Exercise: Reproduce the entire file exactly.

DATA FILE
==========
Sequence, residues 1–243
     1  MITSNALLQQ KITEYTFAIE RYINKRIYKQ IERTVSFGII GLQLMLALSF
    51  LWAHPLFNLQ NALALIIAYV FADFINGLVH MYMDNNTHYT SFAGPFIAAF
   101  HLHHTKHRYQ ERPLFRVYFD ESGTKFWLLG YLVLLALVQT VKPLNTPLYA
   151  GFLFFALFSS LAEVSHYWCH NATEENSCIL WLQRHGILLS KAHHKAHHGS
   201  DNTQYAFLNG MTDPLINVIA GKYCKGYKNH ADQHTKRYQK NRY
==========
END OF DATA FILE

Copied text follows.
Sequence, residues 1–243
     1  MITSNALLQQ KITEYTFAIE RYINKRIYKQ IERTVSFGII GLQLMLALSF
    51  LWAHPLFNLQ NALALIIAYV FADFINGLVH MYMDNNTHYT SFAGPFIAAF
   101  HLHHTKHRYQ ERPLFRVYFD ESGTKFWLLG YLVLLALVQT VKPLNTPLYA
   151  GFLFFALFSS LAEVSHYWCH NATEENSCIL WLQRHGILLS KAHHKAHHGS
   201  DNTQYAFLNG MTDPLINVIA GKYCKGYKNH ADQHTKRYQK NRY